Our chart shows the interest rate on AAA long-term corporate bonds from January 1919 to February 2009. Interest rates did not skyrocket after World War I or World War II. One reason is that long-term fiscal policy turned to retiring the Federal debts generated by these two wars. It is true that the Reagan fiscal fiasco led to higher real interest rates – even as supply-side worshipers of St. Ronnie love to talk about what happened to nominal rates. Long-term interest rates have been relatively low in recent years even in the face of Bush43’s fiscal irresponsibility. I would suspect that if the Obama Administration delivers on its promise of long-term fiscal responsibility, we can avoid Rogoff’s pessimistic forecast.


Steve said...

Interesting post. Could you please point to a link or explain the "real" vs. "nominal" Reagan interest rates. Thanks!

Kevin Carson said...

Why does a Keynesian stimulus require running up debt at all?

The idea of government spending to offset a demand deficit is practically orthodoxy for most establishment economists (and liberal bloggers). And (in other contexts) they're perfectly cool in principle with a government that controlls a money supply based on fiat currency.

But nobody (aside from a few greenbacker or SocCred "money cranks") ever thinks outside the box regarding the assumption that the deficit has to be financed by selling government bonds. If the amount of the spending is calculated to fill the demand gap and employ idle factors, without being inflationary, why doesn't the government just spend it into existence *without* selling any bonds? Surely the mere fact that the government isn't paying debt to rentiers doesn't make it any more inflationary than it otherwise would be.

Likewise, how is it any less a violation of "free market" principles to authorize banks to lend money into existence, than it would be just to deposit the money into existence interest-free in people's checking accounts?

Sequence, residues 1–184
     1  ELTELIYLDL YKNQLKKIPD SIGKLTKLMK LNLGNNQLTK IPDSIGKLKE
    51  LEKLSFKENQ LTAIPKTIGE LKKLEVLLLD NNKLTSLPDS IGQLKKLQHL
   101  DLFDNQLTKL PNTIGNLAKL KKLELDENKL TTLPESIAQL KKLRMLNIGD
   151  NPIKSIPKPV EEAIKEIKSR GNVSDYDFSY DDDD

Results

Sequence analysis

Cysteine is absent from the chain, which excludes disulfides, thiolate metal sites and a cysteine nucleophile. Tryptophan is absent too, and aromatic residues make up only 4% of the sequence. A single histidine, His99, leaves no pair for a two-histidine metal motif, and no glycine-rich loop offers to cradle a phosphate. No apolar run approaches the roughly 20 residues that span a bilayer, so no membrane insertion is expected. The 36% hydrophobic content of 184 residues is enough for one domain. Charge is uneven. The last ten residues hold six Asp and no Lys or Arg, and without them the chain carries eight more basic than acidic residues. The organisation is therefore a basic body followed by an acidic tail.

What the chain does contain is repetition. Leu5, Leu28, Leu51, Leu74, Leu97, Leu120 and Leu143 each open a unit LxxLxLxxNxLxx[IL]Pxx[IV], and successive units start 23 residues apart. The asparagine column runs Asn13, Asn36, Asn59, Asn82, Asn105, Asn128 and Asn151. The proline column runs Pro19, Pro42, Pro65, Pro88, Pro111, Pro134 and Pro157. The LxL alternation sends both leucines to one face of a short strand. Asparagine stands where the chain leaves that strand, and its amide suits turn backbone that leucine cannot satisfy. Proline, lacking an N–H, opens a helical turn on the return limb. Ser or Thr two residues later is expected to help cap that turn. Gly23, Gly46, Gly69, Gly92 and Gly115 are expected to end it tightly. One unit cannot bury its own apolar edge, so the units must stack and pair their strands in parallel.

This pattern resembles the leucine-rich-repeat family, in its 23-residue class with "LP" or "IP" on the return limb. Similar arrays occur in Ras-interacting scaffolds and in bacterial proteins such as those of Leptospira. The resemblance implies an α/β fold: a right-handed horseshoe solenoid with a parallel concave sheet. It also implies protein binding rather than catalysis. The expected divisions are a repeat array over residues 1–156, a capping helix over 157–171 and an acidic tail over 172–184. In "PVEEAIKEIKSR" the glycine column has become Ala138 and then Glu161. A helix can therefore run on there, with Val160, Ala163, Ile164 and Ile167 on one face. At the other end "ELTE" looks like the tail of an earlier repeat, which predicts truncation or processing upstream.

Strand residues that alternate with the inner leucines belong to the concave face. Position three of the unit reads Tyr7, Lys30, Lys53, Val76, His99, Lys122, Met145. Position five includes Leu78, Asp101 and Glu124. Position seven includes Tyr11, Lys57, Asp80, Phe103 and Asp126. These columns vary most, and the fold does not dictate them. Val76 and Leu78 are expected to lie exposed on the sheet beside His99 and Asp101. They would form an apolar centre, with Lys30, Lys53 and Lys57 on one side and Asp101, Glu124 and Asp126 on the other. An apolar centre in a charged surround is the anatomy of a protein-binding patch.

David Pearson said...

This post is extraordinarily shallow.

The reason our l.t. interest rates have been low has everything to do with large non-economic buyers: China, oil exporters, and other emerging markets. This is well-understood by the markets and economists.

Unlike previous years, the growth in foreign exchange reserves of those countries has slowed, leaving them less to invest in Treasuries AND agencies (one must take them together as both are now de facto obligations of the government). More important, the $2.5tr in Treasury financing needed for this year DWARFS China's expected reserve growth of about $300b. In previous years, China's reserve growth has been about 70% or more of Treasury financing needs.

Why haven't markets reacted more strongly to the above news? There was a one time shift out of risk assets and into Treasury safe havens as the crisis accelerated. That does not happen over and over. This explains why long term Treasury rates have been steadily rising in the face of abysmal economic news.

What I am laying out here is ALL George Bush and the Fed's fault. However, just because I'm on Obama's side doesn't mean I'm going to blind myself to the potential risks of our unprecedented government intervention in the economy. Nor should you.

Sandwichman said...

Why does a Keynesian stimulus require running up debt at all?

Because the debt implies that the inflationary policy is temporary and will be followed, in fat, times with government surpluses paying down the debt. This is what came to be lamented in the U.K. in the 1950s as "stop-go."

The past thirty years have make it perfectly clear that the pay back promise is hollow. It won't happen because it can't happen. The next Clintonesque budget surplus will be followed by a Republican tax cutting landslide.

Anonymous said...

Reagan proved that deficits don't matter, according to Dick Cheney, so Rogoff is a double-heretic !

Anonymous said...

Question rather than a 'comment'.

With respect to Kevin C's deficit financing comments: I think it could be a reasonable analogy to speculate on the impact of gold as an economic medium if governments could 'invent' gold reserves. What would be the short and longer term impacts on both its (golds) value and the psycholgy of suppliers, traders and consumers.